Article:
Amazon: Largest CBD Retailer or Just One Big Fraud?

Amazon has been a big retailer of CBD as early as 2014, maybe still today with over 9,000 products. Even in Australia I bought CBD from Denver via

Yes, their Terms Of Service claims you can’t, but that’s more of a litigation/regulatory CYA. It keeps away the milquetoast sheep, they want brave lions as vendors. They even allow the “CBD” acronym for non-consumables.

Likely as a litigation and regulatory workaround, Amazon pioneered that unfortunate “hemp extract” labeling in 2015, which is an invitation to fraud. Many of the products no doubt are common hempseed oil not necessarily high in CBD. While some try to make that clear, most are marketed in a way to appear to contain at least some CBD, even using health claims impermissible to FDA (“Hemp Oil for Pain, Stress Relief, Mood Support, Healthy Sleep Patterns, Skin Care. 1,000 mg, 33 mg per Serving x 30 Servings” in a 30mL bottle).

Lack of overt disclosure is what protects Amazon and the seller from fraud claims. Their TOS is used to legally protect the company, it’s not a reflection of what is actually going on there. It’s merely a document they invoke whenever it is to their advantage, to any stakeholder whether vendors, customers, or regulators. But until then even health claims impermissible to FDA appear to be allowed, as this image of a Sponsored link for jellybeans at the top shows.

The fact is study after study show hempseed oil has long contained THC, thus 20 times more CBD. Yes, trace amounts, but trace amounts aren’t zero amounts. At the legal 0.3% max THC as little as one-quarter teaspoon can have a minimum pyschoactive dose of THC, and 6% CBD. People can in fact fail drug tests by consuming hempseed oil as high as 120 ppm THC, as was found in studies. While the Canadian standard is 10 ppm, the US standard is 3,000. This is how Amazon manages that regulatory risk. “Hemp Extract.” “Hemp Oil.”

For those who insist “selling CBD on Amazon is illegal,” I remind you that “legality” is determined by enforcement, not words on paper. Both Uber and AirBnB were originally “illegal” business models in their respective industries, that just kept the sheep away from those lions long enough to give them a head-start.

If I was a tort lawyer I would buy and test products from Amazon appearing to contain CBD, starting with the deepest pockets company. Hold them accountable: “hemp extract” is thought by the consumer to refer to actual CBD content even if it isn’t explicitly stated. The way they are using language is merely to have a defense in court, but in this new industry consumers have no choice but to trust that “1,000 mg hemp extract = 1,000 mg CBD.” Counselor, pierce that fraud. Even test common hempseed oil, it likely contains undisclosed THC.

While I’m a huge cheerleader for the hemp industry as well as CBD (I first wrote about CBD in 1998), I want to see “faux-thentic” and fraudulent products disappear more than anyone. I’ve pushed back at that for decades, even in soyfoods in the 80s.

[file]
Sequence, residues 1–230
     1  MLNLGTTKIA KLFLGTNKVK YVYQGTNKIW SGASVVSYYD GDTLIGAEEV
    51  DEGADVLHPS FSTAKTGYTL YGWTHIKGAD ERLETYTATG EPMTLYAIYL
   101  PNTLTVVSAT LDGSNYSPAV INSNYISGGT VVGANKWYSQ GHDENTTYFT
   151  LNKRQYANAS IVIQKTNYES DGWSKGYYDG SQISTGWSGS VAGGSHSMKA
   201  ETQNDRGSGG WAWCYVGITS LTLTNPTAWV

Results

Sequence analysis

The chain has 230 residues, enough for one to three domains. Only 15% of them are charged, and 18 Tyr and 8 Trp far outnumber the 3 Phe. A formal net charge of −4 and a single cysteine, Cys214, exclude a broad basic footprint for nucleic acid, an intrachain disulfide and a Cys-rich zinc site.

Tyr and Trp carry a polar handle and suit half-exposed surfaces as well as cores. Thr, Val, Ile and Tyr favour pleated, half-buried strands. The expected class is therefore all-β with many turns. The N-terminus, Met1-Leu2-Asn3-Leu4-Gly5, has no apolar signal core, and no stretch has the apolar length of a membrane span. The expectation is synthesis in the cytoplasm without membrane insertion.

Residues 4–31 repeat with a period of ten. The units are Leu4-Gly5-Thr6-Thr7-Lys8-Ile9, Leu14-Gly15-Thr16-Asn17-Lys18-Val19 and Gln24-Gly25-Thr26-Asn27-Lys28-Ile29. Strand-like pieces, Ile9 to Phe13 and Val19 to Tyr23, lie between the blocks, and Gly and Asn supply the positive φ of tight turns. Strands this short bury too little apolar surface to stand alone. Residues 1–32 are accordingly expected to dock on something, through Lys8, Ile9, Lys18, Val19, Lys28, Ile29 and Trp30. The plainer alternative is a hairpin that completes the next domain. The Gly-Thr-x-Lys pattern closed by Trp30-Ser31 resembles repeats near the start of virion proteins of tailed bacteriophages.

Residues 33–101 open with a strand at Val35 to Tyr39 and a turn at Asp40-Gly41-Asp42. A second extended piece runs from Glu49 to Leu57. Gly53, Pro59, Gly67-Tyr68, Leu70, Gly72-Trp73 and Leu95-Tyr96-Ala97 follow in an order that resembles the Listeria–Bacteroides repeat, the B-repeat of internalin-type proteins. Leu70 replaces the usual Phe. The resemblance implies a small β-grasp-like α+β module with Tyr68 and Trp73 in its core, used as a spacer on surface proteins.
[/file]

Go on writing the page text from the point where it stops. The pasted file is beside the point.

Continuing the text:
But I’m also a CBD patient not blind to the reality of modern business practices. Coming from 40 years in the notorious perishable foods industry, and going to B-school at Sonoma State University, I know how businesspeople are.

Thus I’ve seen the kind of guys who would bottle common hempseed oil and sell it as CBD, and don’t trust them. Like the Ferengi MBA who killed the Sebastopol apple industry because the apple sauce and juice plant were worth slightly more to the bottom-line of the penny stock small cap public company as a rent-seeking warehouse owner on a high-value intersection than in actually just doing what was the long heritage of the town, foods from apples. Luther Burbank bred apples there, and the Gravenstein was prized for sauce, juice, leather, and other products.

One of my first jobs was cleaning that applesauce production equipment at night. They have a Gravenstein Apple Fair every year, that’s how much the apple industry was part of the culture of the town of “Sebast-apple.” But MBAs gotta MBA, so only after the farmers spent money on an annual spray did they announced the change. The town went into shock. Later, public company Sonoma West Holdings (SWHI on the OTC) was taken private by an insider at $10.05 per share in 2011, and recently bought a military technology company, cuz MBAs gotta MBA.

People are now entering the Cannabis, CBD and Hemp industry from other industries which celebrate conniving duplicity, lies, and fraud. No doubt some are selling hempseed oil at inflated prices on Amazon. The question is… which ones? Not even certification schemes are credible anymore. The opportunity for authentic marketers to differentiate by quality and CBD content is huge.

And Amazon, with your power in the marketplace you have choices: drive improvements in consumer safety and protection, or kow-tow to unelected bureaucrats at FDA unconstitutionally making new law. Which will it be?

Leave Your Reply